Student-led cooking tradition in dorm


Cooper Ning, Staff Writer

Since the beginning of the school year, many dorm students of the SSFS community have organized to cook delicious meals for other dorm residents. This student-led activity has become a weekly tradition, as many found it worthwhile continuing despite it being a costly preparation, a time-consuming process, and a potential failure. However, the weekly cooking event remains largely unknown to other community members. 

Several reasons motivated dorm students to cook on their own every week.  Students of international backgrounds, who make up the majority of boarding students, miss their homeland cuisine. Our school’s cafeteria was unable to provide them with desirable foods of their own culture, and ordering takeout can be expensive. Consequently, dorm students, specifically Chinese students, decided to come up with their own “cafeteria” in order to satisfy their need for authentic home meals. Another important cause of this weekly cooking activity is that students seek further connections and a sense of community within the dorm. Without the physical company of their family members, dorm students may be prone to loneliness and rely on each other. Cooking is a complex task that requires great communication, cooperation and coordination, which makes it ideal for cultivating team chemistry and building community bonds.

But how do these dorm students actually operate such time-consuming tasks on a weekly basis? I spoke to Willian Sun, one of the two initiators of the student-led cooking event.


Q: How do you decide which ingredients to buy?

A: Before purchasing food ingredients, we will count the number of people who are interested in cooking. We will discuss and reach a consensus on the menu first, and each person will list the food they want to cook or help to make. Then we will go to the supermarket to purchase the food required.


Q: Where do you typically buy raw ingredients for food?

A: Great Wall Supermarket in downtown Rockville. They sell ingredients specifically for Chinese cuisines.


Q: What’s your favorite meal you have made?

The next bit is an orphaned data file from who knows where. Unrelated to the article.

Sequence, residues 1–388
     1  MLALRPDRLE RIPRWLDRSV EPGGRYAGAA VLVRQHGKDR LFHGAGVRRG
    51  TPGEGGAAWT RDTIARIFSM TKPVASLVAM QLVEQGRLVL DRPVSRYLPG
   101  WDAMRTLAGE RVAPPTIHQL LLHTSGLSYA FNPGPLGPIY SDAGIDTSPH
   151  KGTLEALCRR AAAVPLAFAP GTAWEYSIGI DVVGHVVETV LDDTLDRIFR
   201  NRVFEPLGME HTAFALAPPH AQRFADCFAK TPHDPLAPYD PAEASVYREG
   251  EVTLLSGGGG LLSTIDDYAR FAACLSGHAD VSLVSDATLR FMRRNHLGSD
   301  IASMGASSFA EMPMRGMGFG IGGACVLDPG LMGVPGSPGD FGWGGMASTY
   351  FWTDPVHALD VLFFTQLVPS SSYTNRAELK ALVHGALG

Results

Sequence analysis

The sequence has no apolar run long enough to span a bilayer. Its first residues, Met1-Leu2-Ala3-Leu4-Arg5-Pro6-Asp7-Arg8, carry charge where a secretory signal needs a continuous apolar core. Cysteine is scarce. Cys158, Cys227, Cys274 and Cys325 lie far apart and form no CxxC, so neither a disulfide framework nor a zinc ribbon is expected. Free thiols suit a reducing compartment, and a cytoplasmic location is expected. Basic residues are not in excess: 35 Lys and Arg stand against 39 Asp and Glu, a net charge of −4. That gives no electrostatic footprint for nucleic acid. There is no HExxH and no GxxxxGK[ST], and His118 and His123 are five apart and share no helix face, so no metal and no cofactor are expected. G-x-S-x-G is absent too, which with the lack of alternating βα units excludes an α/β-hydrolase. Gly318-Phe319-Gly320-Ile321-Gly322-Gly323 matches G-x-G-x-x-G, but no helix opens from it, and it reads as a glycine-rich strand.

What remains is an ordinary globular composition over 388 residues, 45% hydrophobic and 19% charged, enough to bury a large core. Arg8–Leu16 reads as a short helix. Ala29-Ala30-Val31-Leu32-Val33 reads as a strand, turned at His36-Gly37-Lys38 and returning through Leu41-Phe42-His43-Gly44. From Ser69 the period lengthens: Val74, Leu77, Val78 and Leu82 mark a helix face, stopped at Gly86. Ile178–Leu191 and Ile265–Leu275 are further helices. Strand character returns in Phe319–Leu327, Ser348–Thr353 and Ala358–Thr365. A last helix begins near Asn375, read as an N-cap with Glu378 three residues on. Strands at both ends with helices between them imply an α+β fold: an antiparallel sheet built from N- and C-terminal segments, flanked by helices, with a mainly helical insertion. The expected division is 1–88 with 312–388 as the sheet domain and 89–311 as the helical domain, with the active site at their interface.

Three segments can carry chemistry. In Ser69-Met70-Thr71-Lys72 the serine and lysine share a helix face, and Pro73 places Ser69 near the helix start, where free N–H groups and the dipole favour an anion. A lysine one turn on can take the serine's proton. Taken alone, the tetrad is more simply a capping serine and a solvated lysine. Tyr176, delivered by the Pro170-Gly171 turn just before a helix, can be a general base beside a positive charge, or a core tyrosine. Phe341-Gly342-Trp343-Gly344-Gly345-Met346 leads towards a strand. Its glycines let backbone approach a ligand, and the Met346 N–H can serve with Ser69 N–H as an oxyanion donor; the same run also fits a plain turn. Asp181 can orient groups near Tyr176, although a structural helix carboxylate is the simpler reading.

A: Steamed freshwater bass with scallion and black beans. I’m really good at it.


Q: Do you enjoy the process? Rate your satisfaction from 1-10?

A: I very much enjoy the process. I’ll give a 9, although it can be quite time-consuming.


Q: Did you cook at home?

A: Yes, I did. I also used to cook for my previous homestay families every week.


Q: What motivates you to cook by yourself in the dorm?

A: Good food really makes my day. It’s not a big deal for me to make meals as long as they taste satisfying. I also enjoy serving others food because that gives a sense of accomplishment.


Q: Was there ever a food/recipe disaster?

A: Yes, definitely. The first time we made meals in the dorm was a total mess. Raw ingredients and utensils were misplaced. The sink was blocked because it took too long,  and the dishes that we served went cold. Pasta & eggs were overcooked. There was also miscommunication about recipes. I don’t want to experience that ever again.


Q: Why did some people stop cooking?

A: From what I know, many people quit because the first two meals were way too time-consuming and they feel dissatisfied with unorganized work division, miscommunication, and disagreements over the menu.


Q: How much time is spent on cooking per week?

A: Depending on what is being cooked. For example, soybean sauce noodles can take up to 1 hour to feed as many as 10 people, while other dishes such as steamed fish soup can take as long as 3 to 4 hours. It also depends on how many people are being served or the specific menu that week.

The tradition of dorm students making gourmet food aligns with important values of the school, specifically the SPICES, which stands for six distinctive values: simplicity, peace, integrity, community, equality, and stewardship. In particular, the activity conforms to the idea of equality, as everybody gets to eat what’s cooked. Under most circumstances, students work together in an organized fashion throughout the entire food-making process. After learning lessons from previous failures, students discuss and carefully divide the labor. This includes buying ingredients and utensils, food preparation, cooking, washing dishes, and final clean-up. Furthermore, it exemplifies the value of community as students work collectively throughout the cooking process and share a feeling of accomplishment and collective honor through their various contributions. The weekly cooking tradition serves as a great opportunity to bring students together, cultivate their cohesion as community members, and deepen their bonds.